(Reuters) - A federal judge on Monday ruled that clerks in Mississippi may not recuse themselves from issuing marriage licenses to gay couples based on religious beliefs, despite a bill passed by the state legislature intended to carve out that exception for them.
U.S. District Judge Carlton Reeves said that the recusals on religious grounds granted by the state’s so-called “Protecting Freedom of Conscience from Government Discrimination Act”, or House Bill 1523, violated the U.S. Supreme Court’s landmark 2015 ruling legalizing gay marriage.
The Supreme Court’s decision is commonly referred to as the “Obergefell” case after lead plaintiff James Obergefell.
“Mississippi’s elected officials may disagree with Obergefell, of course, and may express that disagreement as they see fit - by advocating for a constitutional amendment to overturn the decision, for example,” Reeves wrote in his 16-page ruling, which came in response to a lawsuit filed by the Campaign for Southern Equality.
“But the marriage license issue will not be adjudicated anew after each legislative session,” Reeves wrote. Mississippi is among a handful of Southern U.S. states on the front lines of legal battles over equality, privacy and religious freedom.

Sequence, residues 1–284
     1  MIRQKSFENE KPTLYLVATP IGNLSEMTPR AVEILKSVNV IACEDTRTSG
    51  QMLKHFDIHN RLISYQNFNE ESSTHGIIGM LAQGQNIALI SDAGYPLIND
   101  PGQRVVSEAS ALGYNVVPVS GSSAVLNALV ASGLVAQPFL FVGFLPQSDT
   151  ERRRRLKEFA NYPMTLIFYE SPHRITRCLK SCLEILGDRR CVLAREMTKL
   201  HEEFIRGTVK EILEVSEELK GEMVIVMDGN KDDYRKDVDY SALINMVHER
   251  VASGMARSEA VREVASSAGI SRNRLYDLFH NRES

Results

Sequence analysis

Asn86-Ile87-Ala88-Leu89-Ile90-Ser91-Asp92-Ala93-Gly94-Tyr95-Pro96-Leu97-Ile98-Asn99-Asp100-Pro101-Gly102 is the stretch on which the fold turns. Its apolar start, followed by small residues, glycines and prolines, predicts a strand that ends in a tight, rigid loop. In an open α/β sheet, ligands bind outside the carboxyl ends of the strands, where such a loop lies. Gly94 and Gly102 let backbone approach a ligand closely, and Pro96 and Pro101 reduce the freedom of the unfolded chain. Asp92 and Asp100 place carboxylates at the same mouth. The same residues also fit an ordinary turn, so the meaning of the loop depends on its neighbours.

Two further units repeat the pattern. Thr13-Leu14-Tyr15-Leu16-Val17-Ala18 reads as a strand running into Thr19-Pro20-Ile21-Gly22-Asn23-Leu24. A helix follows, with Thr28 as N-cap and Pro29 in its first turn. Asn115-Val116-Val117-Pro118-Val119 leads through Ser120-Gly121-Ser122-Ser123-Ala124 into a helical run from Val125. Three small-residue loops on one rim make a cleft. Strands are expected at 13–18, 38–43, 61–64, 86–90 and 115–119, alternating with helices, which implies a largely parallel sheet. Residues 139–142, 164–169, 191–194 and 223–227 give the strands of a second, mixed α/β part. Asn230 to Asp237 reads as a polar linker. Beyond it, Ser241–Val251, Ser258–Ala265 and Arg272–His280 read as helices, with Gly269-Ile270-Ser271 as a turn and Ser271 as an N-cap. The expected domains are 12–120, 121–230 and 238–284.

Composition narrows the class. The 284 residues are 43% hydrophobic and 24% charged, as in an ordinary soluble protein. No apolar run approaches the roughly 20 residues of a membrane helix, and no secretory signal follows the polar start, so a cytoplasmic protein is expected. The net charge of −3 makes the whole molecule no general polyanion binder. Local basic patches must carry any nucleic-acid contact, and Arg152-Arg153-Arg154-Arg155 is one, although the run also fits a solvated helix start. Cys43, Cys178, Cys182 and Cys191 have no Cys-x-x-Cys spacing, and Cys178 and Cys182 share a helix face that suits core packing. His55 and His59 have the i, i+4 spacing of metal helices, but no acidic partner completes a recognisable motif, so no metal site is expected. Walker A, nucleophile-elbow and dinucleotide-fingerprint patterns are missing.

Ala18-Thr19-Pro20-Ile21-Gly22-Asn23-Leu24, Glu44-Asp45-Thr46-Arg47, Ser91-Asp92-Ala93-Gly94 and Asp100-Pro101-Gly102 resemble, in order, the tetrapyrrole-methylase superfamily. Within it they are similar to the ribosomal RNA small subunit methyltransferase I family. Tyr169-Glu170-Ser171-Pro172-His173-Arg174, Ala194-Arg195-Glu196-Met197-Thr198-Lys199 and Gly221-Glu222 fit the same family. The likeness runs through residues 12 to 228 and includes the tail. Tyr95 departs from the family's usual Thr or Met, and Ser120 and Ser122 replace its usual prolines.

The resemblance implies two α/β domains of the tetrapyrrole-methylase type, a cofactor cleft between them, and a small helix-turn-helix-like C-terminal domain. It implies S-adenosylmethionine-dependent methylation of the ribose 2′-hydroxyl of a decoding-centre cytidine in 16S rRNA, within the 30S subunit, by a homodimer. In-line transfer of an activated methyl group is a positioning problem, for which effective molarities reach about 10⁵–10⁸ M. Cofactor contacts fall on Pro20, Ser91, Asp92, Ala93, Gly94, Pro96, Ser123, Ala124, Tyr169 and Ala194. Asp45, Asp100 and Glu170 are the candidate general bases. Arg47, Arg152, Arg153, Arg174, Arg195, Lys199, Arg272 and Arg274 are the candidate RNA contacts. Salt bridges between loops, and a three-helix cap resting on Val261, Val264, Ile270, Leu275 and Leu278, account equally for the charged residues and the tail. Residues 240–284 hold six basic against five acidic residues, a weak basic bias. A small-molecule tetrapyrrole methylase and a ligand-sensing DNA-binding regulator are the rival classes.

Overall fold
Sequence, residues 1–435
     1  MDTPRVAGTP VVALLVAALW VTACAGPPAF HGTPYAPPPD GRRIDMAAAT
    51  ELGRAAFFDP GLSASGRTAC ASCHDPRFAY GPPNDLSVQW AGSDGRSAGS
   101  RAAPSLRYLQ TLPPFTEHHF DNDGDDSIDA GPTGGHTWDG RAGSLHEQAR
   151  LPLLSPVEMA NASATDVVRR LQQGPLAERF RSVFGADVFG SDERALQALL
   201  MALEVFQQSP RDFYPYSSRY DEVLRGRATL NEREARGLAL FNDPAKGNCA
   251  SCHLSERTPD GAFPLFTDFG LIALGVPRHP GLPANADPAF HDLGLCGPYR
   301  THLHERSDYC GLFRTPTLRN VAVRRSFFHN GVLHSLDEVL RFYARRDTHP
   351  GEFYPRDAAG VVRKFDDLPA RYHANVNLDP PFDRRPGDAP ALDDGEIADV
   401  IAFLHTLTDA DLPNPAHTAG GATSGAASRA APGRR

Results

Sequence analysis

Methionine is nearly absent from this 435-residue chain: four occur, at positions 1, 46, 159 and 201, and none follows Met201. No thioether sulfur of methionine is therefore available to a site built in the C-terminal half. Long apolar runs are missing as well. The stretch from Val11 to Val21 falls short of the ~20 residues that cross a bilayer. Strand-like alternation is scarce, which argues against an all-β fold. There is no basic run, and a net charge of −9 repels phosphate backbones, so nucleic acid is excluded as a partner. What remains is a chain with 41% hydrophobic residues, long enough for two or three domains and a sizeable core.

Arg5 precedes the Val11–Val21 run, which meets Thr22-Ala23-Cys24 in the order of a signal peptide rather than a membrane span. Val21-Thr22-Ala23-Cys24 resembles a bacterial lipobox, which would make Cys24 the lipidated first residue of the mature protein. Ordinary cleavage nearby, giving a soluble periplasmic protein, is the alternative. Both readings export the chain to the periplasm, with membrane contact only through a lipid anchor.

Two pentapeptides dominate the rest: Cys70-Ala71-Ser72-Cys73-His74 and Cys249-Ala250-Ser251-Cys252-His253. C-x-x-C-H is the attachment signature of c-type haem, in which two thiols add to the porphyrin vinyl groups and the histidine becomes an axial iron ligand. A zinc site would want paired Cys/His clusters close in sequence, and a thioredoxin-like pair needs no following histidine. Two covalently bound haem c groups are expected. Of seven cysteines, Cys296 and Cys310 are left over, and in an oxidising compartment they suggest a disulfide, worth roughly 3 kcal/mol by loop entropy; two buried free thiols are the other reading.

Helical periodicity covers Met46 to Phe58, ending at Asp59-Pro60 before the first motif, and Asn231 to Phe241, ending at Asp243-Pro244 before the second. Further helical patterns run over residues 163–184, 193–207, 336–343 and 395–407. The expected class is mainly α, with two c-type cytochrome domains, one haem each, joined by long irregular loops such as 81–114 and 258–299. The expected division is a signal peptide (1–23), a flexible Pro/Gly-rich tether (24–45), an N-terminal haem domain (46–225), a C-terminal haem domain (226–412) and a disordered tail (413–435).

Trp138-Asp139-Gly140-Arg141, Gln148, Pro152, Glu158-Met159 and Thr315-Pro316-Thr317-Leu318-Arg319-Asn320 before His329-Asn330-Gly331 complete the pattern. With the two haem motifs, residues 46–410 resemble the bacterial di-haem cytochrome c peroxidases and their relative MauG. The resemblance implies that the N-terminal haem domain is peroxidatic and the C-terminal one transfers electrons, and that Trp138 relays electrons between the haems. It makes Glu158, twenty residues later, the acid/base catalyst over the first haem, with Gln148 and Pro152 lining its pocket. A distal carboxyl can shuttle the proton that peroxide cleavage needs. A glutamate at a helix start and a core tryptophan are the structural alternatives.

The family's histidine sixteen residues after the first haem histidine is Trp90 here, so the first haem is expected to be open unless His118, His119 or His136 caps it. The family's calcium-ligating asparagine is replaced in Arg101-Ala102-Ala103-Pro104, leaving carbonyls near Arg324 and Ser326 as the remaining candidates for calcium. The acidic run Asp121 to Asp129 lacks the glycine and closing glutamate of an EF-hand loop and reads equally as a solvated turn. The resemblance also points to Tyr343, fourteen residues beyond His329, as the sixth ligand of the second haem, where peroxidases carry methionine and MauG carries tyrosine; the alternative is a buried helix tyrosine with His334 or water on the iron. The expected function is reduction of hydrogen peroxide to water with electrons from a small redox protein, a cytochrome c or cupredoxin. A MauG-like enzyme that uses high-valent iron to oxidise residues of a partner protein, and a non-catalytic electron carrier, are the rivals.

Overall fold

Reeves has not yet ruled on other provisions of the state legislation, which is expected to become law on Friday and also contains a set of religious objections provisions that have been challenged in four separate lawsuits.
But Mississippi’s lieutenant governor, Tate Reeves, quickly slammed the ruling in a written statement.
“If this opinion by the federal court denies even one Mississippian of their fundamental right to practice their religion, then all Mississippians are denied their 1st Amendment rights,” Reeves said. “I hope the state’s attorneys will quickly appeal this decision to the 5th Circuit to protect the deeply held religious beliefs of all Mississippians.”
A spokesman for the Campaign for Southern Equality, meanwhile, said the group was “delighted” with the decision and expected the judge to rule in their favor on its challenges to the entirety of the HB 1523.
Reporting by Dan Whitcomb; Editing by Bernard Orr